Report: Evidence Lacking for Current CTE Investments

A new report has examined whether career and technical education (CTE) deserves all the attention it's getting. The jury's still out. MDRC, a nonprofit, nonpartisan education and social policy research organization, undertook a study to understand what evidence existed to support the ongoing enthusiasm for CTE as a way to help employers bridge the skills gap and give students the training they need for "viable economic futures."

As the report noted, interest in CTE "has experienced a resurgence over the last decade, as the global economy has grown increasingly competitive while students have continued to leave school underprepared for well paying 21st century jobs." An indication of that resurgence was the bipartisan support for the Strengthening Career and Technical Education for the 21st Century Act. In mid-2018 that was signed into law as a reauthorization of the Carl D. Perkins Career and Technical Education Act. Under the new rules, states have a bigger responsibility in setting goals for CTE programs and monitoring progress.

Many innovative programs have been introduced at both the high school and college levels to give students training in specific technical areas. (Several of those have been supported by Bloomberg Philanthropies, which funded this research project.) The goal of CTE is to outfit students with the skills for making "a successful transition to post-secondary education, which will in turn allow them to build sustainable careers with middle-class wages."

Yet, the researchers pointed out, the evidence base "has lagged" to back the value of investing in these programs. Where evidence does exist, it "varies in quality."

As detailed in the report, the most popular approaches for CTE are:

  • Instruction and training, "clusters" of courses in specific fields, such as healthcare;
  • Career pathways, which include integrated sets of classes dedicated to specific careers and work-based learning experiences;
  • Apprenticeships, paid or unpaid work that helps students acquire to job-specific skills and credentials; and
  • Career-readiness skills programs, for helping students develop soft skills.

The report examined each type of CTE and profiled the various types of studies they attracted (or didn't attract). While the most evidence exists for the first flavor of CTE--the instruction and training--in which multiple studies have suggested that CTE participation and improve students' outcomes and that career-related degrees or certificates lead to better incomes, there's "currently little to no evidence" about the effects of programs set up to teach readiness skills, the fourth kind of CTE training.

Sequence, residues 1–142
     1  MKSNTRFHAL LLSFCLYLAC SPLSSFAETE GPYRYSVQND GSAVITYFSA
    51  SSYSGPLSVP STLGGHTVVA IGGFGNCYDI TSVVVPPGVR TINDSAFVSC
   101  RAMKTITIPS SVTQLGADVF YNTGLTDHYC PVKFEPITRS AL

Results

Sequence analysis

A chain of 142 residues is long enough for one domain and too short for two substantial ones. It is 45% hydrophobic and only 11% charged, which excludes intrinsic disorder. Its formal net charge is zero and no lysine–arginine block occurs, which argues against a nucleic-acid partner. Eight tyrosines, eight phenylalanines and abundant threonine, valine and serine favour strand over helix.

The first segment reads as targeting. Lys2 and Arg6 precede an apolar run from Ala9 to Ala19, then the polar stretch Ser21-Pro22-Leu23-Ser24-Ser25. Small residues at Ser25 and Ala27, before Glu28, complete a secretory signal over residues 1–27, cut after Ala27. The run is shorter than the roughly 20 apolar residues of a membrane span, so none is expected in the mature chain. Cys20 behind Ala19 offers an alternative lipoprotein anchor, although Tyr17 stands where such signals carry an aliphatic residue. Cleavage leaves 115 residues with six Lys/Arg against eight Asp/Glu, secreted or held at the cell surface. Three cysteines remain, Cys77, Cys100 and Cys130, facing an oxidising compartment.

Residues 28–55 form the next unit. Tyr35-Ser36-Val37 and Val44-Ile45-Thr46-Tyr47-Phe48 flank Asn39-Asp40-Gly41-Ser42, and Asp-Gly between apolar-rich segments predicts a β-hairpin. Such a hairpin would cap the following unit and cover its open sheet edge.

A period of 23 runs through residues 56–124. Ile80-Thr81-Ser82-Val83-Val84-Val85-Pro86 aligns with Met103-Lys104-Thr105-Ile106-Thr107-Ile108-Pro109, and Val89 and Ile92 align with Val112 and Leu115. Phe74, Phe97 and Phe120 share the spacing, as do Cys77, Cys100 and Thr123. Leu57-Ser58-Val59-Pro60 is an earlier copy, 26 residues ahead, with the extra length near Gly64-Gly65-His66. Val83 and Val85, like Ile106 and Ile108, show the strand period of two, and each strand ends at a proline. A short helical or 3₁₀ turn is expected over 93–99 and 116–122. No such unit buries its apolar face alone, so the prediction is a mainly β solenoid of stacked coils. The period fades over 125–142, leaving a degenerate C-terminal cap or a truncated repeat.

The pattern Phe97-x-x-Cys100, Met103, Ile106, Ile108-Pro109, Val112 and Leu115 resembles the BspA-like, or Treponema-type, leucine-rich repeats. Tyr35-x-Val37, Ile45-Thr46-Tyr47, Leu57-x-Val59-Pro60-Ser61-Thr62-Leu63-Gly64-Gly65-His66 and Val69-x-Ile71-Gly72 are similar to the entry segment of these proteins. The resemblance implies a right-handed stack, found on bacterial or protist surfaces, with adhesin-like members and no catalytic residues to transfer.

While enthusiasm is still high for CTE, it's time to examine what "challenges and threats" are likely to derail investments, the researchers stated. For example, can employers and educators in a region "accurately project" where economic growth will take place? Are K-12 and college systems "nimble enough" in adjusting their training to those skills sought by employers? Will under-represented or under-performing students have access to CTE in the higher-paying sectors? Will there be enough "work-based learning and apprenticeship opportunities" to enable programs to scale sufficiently? Will support for CTE be sustainable? And can the programs be identified that have the greatest success rates for students, local labor markets and employers?

Now is the time, they advised, to consider making "astute investments" in six macro areas tied to CTE:

  • Helping states and regions "analyze their labor markets quickly and in a sophisticated way," so they can map their CTE efforts with those parts of the economy that are likely to grow;
  • Embedding the gathering of evidence into policies and practices associated with success, including tightly involving employers in course development and internship set-up;
  • Helping successful programs grow into new labor markets while still staying true to their models;
  • Building tracking systems to help CTE operators manage their programs and develop reporting on measures tied to participation, degree attainment, labor-market outcomes and equity;
  • Keeping policymakers and practitioners up to date on the investments that will help them reach goals, whether linked to education, the labor market or equity; and
  • Encouraging public participation with and awareness of intermediary organizations associated with CTE.

The report is openly available on the MDRC website.

About the Author

Dian Schaffhauser is a former senior contributing editor for 1105 Media's education publications THE Journal, Campus Technology and Spaces4Learning.